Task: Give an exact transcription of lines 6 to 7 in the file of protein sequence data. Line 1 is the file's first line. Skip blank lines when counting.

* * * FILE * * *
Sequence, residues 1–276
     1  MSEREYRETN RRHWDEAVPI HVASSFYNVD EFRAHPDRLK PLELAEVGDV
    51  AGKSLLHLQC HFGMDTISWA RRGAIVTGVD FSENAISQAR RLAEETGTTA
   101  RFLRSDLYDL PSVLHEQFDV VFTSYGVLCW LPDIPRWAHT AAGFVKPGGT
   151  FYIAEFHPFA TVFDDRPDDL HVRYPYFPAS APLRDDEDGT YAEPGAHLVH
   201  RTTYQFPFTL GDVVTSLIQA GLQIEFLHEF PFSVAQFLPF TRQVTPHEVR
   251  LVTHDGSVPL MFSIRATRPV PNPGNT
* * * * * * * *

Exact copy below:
   201  RTTYQFPFTL GDVVTSLIQA GLQIEFLHEF PFSVAQFLPF TRQVTPHEVR
   251  LVTHDGSVPL MFSIRATRPV PNPGNT